The success of any knowledge management strategy is likely to hinge on the corporate culture and the ability to establish an appropriate strategy and carry out that strategy throughout the organization. The organization must develop a culture that encourages self-motivation, sharing knowledge, using knowledge to drive creativity and innovation, and develop knowledge sharing networks both internal and external to the organization (Toloie-Eshlaghy and Akbari-Yusefvand, 2011).
Benefits of a Knowledge Management Strategy
The payoff potential of successful knowledge management strategy is increased efficiency, effectiveness and innovation. These benefits include:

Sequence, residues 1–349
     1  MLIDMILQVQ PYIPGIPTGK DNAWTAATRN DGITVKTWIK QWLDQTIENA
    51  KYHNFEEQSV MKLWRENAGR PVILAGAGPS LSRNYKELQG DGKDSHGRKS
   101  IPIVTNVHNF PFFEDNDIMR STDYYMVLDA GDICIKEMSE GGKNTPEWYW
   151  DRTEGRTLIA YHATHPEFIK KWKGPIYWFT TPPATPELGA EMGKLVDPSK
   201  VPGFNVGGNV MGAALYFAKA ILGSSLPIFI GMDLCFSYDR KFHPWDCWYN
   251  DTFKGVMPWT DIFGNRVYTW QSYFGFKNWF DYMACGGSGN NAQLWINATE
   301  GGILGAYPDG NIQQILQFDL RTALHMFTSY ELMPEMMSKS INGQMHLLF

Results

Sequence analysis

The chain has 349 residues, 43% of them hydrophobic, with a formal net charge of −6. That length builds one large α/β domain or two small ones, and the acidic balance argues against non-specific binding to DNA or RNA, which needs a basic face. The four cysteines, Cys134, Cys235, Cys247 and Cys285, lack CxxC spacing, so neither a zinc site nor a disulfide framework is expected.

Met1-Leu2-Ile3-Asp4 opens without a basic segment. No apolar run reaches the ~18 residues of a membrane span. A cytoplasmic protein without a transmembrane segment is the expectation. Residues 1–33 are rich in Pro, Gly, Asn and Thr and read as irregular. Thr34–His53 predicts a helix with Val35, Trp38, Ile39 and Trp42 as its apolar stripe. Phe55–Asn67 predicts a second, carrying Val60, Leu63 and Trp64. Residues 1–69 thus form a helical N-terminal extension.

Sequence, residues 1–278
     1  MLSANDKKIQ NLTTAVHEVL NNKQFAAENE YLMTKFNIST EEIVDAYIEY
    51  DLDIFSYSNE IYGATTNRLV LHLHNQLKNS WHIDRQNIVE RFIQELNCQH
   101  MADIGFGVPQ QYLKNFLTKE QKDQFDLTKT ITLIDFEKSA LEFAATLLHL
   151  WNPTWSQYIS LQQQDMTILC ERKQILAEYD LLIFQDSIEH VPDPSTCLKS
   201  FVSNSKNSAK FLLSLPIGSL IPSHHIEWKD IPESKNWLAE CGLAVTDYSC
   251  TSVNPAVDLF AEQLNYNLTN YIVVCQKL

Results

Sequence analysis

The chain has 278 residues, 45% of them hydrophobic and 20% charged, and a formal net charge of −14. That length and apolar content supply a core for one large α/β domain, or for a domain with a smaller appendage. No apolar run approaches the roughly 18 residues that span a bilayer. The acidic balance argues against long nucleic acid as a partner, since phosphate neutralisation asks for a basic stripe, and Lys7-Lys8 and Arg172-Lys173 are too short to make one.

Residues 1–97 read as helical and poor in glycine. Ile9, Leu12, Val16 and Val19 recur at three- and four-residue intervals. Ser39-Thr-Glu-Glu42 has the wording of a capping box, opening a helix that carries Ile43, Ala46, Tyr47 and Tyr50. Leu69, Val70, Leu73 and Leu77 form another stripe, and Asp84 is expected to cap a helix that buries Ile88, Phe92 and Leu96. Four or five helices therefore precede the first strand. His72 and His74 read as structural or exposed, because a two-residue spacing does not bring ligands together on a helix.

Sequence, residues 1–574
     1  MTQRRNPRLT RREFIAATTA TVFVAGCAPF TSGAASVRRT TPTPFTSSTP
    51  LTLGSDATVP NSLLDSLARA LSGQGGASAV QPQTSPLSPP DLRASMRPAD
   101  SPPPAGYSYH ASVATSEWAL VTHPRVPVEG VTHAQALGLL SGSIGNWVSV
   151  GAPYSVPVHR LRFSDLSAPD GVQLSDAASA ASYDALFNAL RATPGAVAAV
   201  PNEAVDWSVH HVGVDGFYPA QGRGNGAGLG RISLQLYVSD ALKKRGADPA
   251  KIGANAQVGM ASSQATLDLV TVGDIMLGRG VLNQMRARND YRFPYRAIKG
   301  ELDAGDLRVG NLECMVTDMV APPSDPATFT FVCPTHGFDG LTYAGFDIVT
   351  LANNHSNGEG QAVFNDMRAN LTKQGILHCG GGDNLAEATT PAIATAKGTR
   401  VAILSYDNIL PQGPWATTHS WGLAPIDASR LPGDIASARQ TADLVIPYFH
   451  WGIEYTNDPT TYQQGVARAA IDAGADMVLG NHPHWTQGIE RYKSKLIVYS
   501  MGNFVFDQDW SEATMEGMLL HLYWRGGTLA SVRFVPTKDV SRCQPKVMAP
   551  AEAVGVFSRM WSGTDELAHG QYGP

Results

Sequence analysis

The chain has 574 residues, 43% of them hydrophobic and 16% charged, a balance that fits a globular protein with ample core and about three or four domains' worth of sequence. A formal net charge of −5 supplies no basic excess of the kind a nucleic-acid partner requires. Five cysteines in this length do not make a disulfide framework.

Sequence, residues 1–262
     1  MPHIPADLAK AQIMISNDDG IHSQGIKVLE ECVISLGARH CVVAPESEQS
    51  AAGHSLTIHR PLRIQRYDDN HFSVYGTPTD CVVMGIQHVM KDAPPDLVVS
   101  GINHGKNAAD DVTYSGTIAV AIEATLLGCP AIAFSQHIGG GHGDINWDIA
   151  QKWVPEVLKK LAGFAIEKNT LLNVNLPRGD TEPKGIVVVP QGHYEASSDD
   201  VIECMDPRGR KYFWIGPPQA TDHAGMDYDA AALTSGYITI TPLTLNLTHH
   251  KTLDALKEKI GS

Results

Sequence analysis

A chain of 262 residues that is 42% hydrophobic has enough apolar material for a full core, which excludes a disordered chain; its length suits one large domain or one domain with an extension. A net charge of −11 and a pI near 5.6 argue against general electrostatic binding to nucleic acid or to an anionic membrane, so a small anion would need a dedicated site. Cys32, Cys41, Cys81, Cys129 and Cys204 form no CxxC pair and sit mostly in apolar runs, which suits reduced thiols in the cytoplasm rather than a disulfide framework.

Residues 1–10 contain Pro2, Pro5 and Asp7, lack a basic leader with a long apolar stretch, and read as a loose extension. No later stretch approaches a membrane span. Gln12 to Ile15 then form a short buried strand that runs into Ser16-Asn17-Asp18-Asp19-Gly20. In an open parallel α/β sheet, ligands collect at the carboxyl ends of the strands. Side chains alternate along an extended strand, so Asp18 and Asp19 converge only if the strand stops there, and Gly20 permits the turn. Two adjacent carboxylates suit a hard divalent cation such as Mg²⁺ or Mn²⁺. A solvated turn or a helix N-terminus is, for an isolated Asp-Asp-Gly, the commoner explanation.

- Innovation through the free flow of ideas
- Reduce timeframes required for the reaction to changes or rapid adaptation
- Multiple uses of existing knowledge influences elimination of redundant and unnecessary processes thus reducing costs
- Increase revenue faster and adequate placement of products and services in the market
- Reduce employee turnover by recognizing the value of employee’s knowledge
- Creating a database of collective, organizational knowledge of the company
- Control knowledge in all areas of action and use in practical applications, problem-solving, response to changes in the environment, the needs of users
- Increasing quality of services and reducing the time needed to diagnose problems using the in-depth knowledge of employees, business partners and customers (Kovacevic and Djurickovic, )